When [% 2513509 | | US Airways %] announced in February that, beginning in May, the airline would no longer award a minimum of 500 frequent flyer miles for shorter flights, I called the move “muddled thinking and marketing mismanagement.”
Undeterred, US Airways followed up with yet another thumb in the eye of its best customers, eliminating flight bonuses for elite Dividend Miles members.
The moves were widely derided by industry commentators and consumers, even giving rise to a website, SaveDividendMiles, purporting to represent the interests of disgruntled Dividend Miles members with combined account balances of 1.6 billion miles.
After nine months of negative feedback, US Airways has finally relented, albeit only partially. Effective today, November 20:
- Preferred (elite) members of US Airways’ program will again earn a minimum of 500 miles for all flights.
- Preferred members will again receive elite flight bonuses, commensurate with their status. Elite bonuses will also be awarded retroactively for travel between August 6 and November 19.
- The 500-mile minimum will be reinstated for all Dividend Miles members on US Airways’ shuttle flights between New York, Boston, and Washington, D.C.
Why the flip-flop? According to US Airways’ marketing chief, Andrew Nocella: “Our Dividend Miles Program members are extremely important to us, and these changes reflect our continued commitment to delivering the best product with the most value to our customers.”
Of course, no matter what US Airways claims in its news release, the changes have as much to do with the airline’s competitors as they do with its customers.
It is typical in the airline industry for carriers to make airfare and frequent flyer program changes with the hope that competitors will follow, creating a new industry standard. That’s what happened last year, when [[Delta Air Lines | Delta]] broke with the then-current three-year [[Mileage Expiration | mileage-expiration]] policy and reduced the life of miles in its SkyMiles program to two years. Other airlines used Delta’s move as cover to amend their own policies, and today the prevailing standard is either two years or 18 months.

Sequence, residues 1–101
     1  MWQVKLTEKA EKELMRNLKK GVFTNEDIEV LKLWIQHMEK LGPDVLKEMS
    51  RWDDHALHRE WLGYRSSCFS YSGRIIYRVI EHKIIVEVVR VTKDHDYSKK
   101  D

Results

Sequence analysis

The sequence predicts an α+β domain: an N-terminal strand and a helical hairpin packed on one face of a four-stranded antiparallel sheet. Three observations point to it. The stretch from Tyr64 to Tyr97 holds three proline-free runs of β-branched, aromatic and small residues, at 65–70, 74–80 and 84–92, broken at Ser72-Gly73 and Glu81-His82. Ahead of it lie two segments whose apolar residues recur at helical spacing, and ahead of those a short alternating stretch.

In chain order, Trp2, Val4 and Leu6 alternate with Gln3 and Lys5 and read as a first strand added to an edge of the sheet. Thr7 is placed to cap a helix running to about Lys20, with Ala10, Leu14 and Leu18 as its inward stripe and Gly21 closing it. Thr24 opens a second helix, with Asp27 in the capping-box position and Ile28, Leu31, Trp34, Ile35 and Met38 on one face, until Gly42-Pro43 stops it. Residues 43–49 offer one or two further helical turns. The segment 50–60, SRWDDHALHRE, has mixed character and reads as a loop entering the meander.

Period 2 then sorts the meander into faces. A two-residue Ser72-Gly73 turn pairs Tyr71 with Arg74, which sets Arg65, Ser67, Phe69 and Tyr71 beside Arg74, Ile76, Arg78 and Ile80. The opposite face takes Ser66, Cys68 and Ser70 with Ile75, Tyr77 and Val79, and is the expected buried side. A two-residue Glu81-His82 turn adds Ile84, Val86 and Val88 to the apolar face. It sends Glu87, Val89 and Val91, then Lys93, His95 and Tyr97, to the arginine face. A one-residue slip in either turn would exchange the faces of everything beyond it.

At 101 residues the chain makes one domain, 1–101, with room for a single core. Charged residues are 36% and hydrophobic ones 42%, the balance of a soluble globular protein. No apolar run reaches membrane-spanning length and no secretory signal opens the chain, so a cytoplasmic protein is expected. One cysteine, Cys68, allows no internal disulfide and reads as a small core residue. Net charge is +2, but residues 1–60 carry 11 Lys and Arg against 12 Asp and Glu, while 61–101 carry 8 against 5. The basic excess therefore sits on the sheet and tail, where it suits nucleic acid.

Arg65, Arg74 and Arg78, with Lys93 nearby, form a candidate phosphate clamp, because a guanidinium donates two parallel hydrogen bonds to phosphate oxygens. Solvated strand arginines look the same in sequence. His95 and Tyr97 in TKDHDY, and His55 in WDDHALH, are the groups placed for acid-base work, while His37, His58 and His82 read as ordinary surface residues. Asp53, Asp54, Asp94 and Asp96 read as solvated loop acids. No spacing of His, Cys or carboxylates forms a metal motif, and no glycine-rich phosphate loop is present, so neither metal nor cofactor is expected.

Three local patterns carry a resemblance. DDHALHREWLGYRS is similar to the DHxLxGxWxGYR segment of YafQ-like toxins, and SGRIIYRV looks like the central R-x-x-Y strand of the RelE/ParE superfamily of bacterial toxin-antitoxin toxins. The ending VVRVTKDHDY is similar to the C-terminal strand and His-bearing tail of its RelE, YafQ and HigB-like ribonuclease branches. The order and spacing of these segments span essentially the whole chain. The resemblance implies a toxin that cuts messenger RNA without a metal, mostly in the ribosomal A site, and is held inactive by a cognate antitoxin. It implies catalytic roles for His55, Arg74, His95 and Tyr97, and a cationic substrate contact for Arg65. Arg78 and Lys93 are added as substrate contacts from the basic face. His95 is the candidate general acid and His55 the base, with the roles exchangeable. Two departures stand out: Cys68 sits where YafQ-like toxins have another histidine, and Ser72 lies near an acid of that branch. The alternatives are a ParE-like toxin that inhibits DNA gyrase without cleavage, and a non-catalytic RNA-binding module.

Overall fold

Other airlines did indeed follow US Airways’ lead in eliminating the 500-minimum-mile policy from their programs. But they were savvy enough, either initially or belatedly, to exempt their [[Elite Programs | elite members]] from the harsher policies.
So US Airways found itself exposed, with a policy embarrassingly out of step with competing airlines, and was forced to retreat to a more moderate position.
US Airways remains exposed in other areas, however. The Phoenix-based carrier is known for imposing the most fees, and the highest fees, for transactions associated with its Dividend Miles program. And in particular, it’s one of only two airlines charging a fee just to issue an award ticket.
Eliminating that onerous [% 2616921 | | award-ticketing fee %] would be a smart move on US Airways’ part. And, more generally, given their dismal track record in standards-setting, US Airways should consider a more cautious approach when deviating from the norm. Because where US Airways leads, other airlines wisely choose not to follow.
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